The Little Boy's Christmas Gift I'm including this one a bit hesitantly, because it's out of print, and pretty long. It was James's St. Nicholas book this year, and I have to admit that we often don't read the whole thing but just admire the illustrations, which are so beautiful (and are the reason I'm including it). The back of the book has an author's note which talks about the inspiration for the illustrations (15th & 16th century paintings from Northern Europe). He discusses details of the paintings that inspired his, and the symbolism they used. As a piece of art, this book is a masterpiece. As a story, it's a bit slow and dull.
Apple Tree Christmas This is a book that Elisabeth has been coming back to again and again for the past 2-3 years. It's a story, based on some true events, of a family living in an old barn (it's hard to tell the time period -- maybe anywhere from the mid-1800's to the 1930's), during one very hard winter. The older sister is an avid artist, and the family has a beloved apple tree where she likes to climb and draw. The hard winter comes and there is a lot of damage -- to the tree, to the family's way of life, etc. The way they pull through it is both inspiring and a little bittersweet. It always makes me feel grateful for what we have.
Mouse's First Snow We have a few books in this series (we got the Halloween one when Elisabeth was just a baby), and something always brings us back to them. They're so simple, and everything in them is so familiar. I really like that the father is the one going out to play in the snow with the little mouse, because my kids all really love a good snow day with Daddy!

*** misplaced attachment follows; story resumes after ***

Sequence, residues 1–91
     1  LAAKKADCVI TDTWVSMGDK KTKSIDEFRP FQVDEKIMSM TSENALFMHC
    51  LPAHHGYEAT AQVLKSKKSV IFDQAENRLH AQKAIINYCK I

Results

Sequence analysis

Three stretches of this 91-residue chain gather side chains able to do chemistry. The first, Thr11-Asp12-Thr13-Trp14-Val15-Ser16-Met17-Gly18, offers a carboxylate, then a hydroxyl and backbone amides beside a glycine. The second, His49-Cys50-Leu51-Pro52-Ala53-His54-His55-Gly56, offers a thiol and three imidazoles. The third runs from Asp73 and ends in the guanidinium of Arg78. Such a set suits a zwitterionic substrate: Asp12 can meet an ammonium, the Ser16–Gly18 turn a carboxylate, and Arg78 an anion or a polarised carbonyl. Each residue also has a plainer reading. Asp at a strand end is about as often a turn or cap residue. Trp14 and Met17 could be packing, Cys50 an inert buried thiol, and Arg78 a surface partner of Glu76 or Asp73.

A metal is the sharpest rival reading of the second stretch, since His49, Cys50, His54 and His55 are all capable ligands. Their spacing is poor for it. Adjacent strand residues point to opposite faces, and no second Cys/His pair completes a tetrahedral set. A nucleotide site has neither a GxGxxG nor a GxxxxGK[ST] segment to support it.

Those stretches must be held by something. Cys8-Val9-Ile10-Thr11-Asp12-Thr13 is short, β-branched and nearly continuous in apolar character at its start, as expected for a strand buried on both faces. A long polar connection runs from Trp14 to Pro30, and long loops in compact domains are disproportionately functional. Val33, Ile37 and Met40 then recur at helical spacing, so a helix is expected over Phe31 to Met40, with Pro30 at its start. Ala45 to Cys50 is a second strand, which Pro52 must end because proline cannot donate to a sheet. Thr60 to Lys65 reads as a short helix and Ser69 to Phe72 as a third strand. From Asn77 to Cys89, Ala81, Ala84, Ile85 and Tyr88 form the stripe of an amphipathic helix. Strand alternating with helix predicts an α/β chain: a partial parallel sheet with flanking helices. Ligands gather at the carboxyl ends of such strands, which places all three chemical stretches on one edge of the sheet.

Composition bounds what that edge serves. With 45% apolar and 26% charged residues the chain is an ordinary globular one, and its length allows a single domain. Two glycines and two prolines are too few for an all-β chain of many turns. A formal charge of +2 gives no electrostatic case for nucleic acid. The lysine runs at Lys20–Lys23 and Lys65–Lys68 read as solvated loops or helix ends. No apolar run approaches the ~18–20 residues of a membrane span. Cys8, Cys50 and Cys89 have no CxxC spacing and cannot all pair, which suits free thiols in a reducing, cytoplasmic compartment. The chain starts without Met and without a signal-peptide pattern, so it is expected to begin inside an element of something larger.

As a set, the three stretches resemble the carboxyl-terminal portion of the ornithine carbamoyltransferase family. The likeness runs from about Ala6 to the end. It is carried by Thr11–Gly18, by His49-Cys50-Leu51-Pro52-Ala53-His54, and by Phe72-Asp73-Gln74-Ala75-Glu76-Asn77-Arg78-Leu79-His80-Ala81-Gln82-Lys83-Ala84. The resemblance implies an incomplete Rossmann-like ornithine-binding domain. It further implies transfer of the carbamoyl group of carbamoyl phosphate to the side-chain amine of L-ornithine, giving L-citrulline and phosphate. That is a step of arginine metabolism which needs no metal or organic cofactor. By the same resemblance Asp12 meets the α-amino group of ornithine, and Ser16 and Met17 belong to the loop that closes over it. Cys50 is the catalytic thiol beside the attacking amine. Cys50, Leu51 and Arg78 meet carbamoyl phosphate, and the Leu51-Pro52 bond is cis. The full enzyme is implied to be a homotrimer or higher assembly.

The Story of Christmas This was Elisabeth's St. Nicholas book this year, and while the text is simply the biblical text (King James version), and the illustrations are (in my opinion) both lush and intriguing, it's a case in point: she thought it was too childish. However, I really like to look at it, ponder the words so beautifully, strangely, and yet familiarly told, and look at the folk-inspired Scherenschnitte illustrations. So, maybe not the best for that in-between time of childhood. ;) Adults and younger children will probably all appreciate it, though.
It's Snowing Oh my goodness, I don't think anything could be cuter than this little round mama and her little round baby, all wrapped up in furs and running outside to play in the snow at night. Such fun, so light-hearted and sweet. What a happy reminder to play with our little ones!
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I hope you enjoy this year's list, as well as all the previous years' lists. (Find them here: 2010, 2009, 2008, 2007, 2006.) This may be my last time to do it -- I don't want to be final on that, but I think I've pretty well gone through most of our collection at this point! I have many more winter & Christmas books on my wish list, though, so we'll see what next year brings. (Oh, by the way, I added my holiday listening list to the right-hand sidebar once again, beneath the book list, for your listening pleasure!)
Merry Christmas if I'm not back before then!